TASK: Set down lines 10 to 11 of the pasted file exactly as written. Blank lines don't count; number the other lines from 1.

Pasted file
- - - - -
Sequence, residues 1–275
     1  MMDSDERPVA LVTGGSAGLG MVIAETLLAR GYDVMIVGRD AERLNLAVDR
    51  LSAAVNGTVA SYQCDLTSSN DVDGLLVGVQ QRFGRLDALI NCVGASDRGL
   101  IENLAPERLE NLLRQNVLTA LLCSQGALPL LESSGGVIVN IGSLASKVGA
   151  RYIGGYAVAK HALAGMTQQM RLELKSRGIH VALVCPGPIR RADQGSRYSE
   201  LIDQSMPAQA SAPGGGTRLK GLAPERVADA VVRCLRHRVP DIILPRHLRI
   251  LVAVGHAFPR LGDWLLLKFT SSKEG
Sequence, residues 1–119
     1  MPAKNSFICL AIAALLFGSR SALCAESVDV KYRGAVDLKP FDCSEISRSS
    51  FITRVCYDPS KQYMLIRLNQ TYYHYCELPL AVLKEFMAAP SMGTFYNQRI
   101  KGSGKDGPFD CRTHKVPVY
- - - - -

    51  FITRVCYDPS KQYMLIRLNQ TYYHYCELPL AVLKEFMAAP SMGTFYNQRI
   101  KGSGKDGPFD CRTHKVPVY